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Equifax breach under the microscope

04 October 2017

The update comes as Equifax's former CEO, Richard Smith, testified in front of Congress Tuesday.

Richard smith stepped down as Equifax CEO last week after the breach was disclosed. The first hearing began Tuesday at 10 a.m. ET.

Latta says the theft of the data appears to be a result of specific problems at Equifax, adding "the big thing we heard today is it was a very human error on their part".

Equifax said Monday the review also determined that some Canadians had their credit card information hacked and will be mailing out written notices to all Canadians who may be affected, but did not provide a specific estimate.

"Equifax deserves to be shamed in this hearing but we should also ask what Congress has done or failed to do to stop data breaches from occurring", she said.

It's the first of several appearances taking place this week before House and Senate panels. "Companies like Equifax need more accountability, not less", said Schakowsky, an Illinois Democrat. The company's policy requires the upgrade to occur within 48 hours, but that did not occur.

A March 8 warning from the Department of Homeland Security about the vulnerability went unheeded and subsequent scans failed to identify the vulnerability, CNN Money reported. He said an internal investigation ensued and he was alerted the next day, but he had no knowledge at that time that consumers' personal information had been accessed.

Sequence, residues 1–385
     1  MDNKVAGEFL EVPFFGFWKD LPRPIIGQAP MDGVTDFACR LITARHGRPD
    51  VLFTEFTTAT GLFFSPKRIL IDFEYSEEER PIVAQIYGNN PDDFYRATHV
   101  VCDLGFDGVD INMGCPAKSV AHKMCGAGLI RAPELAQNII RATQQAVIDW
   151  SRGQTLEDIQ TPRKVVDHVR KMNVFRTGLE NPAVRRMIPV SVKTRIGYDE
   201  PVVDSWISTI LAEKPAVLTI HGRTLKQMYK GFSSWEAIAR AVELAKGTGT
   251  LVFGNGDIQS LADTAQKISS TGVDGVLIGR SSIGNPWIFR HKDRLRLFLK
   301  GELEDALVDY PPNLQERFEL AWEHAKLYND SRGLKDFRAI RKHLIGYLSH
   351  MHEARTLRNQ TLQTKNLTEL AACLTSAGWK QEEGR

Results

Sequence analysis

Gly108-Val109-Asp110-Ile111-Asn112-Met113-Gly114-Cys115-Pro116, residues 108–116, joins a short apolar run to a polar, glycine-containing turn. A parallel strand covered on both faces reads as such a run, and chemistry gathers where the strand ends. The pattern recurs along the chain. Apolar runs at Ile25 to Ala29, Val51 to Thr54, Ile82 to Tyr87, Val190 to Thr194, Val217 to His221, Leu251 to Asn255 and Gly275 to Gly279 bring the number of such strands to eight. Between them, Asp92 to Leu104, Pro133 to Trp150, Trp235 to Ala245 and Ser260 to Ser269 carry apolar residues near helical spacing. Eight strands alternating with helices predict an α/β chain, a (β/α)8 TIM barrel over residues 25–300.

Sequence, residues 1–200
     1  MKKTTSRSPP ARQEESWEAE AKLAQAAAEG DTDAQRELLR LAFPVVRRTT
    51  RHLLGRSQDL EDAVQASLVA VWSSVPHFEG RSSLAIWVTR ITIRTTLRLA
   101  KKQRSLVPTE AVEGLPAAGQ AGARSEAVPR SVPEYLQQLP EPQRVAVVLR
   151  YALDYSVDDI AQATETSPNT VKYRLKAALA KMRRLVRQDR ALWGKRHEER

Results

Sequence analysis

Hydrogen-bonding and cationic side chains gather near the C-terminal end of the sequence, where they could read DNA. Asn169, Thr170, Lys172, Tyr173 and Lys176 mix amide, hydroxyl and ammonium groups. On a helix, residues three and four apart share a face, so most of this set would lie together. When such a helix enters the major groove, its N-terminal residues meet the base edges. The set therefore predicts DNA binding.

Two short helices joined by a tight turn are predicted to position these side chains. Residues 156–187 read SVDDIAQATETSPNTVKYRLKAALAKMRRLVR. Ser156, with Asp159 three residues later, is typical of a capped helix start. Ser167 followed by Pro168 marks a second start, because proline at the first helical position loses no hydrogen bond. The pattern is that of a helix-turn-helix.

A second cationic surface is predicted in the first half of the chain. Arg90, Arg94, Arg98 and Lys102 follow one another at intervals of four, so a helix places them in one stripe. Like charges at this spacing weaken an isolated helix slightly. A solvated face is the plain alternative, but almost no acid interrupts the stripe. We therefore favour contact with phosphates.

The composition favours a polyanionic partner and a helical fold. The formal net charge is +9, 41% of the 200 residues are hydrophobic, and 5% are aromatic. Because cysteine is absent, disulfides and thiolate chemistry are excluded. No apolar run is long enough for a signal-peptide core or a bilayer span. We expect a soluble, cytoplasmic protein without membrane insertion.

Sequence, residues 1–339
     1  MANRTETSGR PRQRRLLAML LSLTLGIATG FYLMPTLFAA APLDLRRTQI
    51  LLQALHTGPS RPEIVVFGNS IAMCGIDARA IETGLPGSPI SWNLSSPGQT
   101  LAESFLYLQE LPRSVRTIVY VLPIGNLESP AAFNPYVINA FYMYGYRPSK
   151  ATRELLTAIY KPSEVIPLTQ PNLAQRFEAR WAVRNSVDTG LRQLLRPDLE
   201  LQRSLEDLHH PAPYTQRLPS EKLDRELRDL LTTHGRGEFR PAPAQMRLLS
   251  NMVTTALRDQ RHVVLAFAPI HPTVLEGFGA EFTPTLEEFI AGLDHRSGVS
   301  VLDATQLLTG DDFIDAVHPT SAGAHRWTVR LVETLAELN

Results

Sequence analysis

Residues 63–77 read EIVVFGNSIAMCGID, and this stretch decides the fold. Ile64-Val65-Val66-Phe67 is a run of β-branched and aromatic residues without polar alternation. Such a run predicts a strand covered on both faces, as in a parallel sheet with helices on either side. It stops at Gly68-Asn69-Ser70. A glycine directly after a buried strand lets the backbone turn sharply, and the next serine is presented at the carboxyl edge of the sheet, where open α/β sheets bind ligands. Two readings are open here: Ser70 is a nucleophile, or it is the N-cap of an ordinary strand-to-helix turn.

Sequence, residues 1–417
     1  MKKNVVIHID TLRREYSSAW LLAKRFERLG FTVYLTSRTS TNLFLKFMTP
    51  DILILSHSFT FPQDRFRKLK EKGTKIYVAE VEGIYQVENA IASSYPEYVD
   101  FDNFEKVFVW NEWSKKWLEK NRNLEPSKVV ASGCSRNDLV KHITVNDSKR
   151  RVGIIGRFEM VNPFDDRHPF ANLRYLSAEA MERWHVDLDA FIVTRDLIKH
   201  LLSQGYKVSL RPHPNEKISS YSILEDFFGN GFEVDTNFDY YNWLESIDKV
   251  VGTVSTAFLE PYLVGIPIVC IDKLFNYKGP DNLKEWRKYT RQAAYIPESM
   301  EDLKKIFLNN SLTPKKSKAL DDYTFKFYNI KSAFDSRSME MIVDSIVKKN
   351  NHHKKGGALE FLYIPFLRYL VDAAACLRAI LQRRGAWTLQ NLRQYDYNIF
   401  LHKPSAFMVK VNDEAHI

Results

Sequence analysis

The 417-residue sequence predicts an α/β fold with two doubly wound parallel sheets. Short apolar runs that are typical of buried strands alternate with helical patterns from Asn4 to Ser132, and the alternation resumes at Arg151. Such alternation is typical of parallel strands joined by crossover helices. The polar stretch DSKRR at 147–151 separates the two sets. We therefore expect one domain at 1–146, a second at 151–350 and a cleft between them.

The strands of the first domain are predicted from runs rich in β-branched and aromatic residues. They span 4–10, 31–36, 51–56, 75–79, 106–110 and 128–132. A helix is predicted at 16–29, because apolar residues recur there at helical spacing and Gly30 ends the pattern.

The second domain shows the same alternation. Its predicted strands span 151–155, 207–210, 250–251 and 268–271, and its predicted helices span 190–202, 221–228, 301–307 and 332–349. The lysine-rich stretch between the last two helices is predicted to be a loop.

The former chief executive at Equifax tells lawmakers that the sale of company stock by senior executives in early August was unrelated to the data breach at the company.

Tom Price flew a little too high, a little too often
A spokeswoman, Charmaine Yoest, said Price had once been delayed on a commercial flight and was forced to cancel a public event. White House press secretary Sarah Sanders said Tuesday that Price's trips weren't "White House-approved travel".

Smith noted that in addition to his departure, the company's chief information officer and chief security officer also left the company following the breach. Then Smith, the former chief executive, said that he, too, would step down.

Consumer Financial Protection Bureau officials have said the agency should embed more regulators at the three largest USA credit-rating firms to monitor cybersecurity - a plan endorsed Tuesday by Representative Jan Schakowsky.

He will also get a $500,000 cash bonus if he meets certain undisclosed criteria by the company's board of directors. From there, the company investigated the breach.

The timeline laid out by Smith didn't satisfy many lawmakers, who accused the company of being too slow. "I want to be in control of my information". Ben Ray Luján (D-N.M.), Smith repeatedly dodged questions about whether Equifax's response will make consumers whole. "Unfortunately, if fraudsters destroy my constituent's savings and financial futures, there's no golden parachute awaiting them". "This breach has impacted all of them". "How does this happen?' Walden said".

"The vulnerability remained in an Equifax web application much longer than it should have", Smith said. He said the company has increased its number of customer service representatives and the website has been improved.

Equifax has said about 145.5 million people in the USA, 400,000 in the United Kingdom and about 8,000 in Canada may have had their data compromised in attacks that occurred between May and July. "To me, it was just inexcusable", Costello said. He said the company wasn't prepared for that kind of volume.

"The slow rollout and how poorly it was done".

Equifax breach under the microscope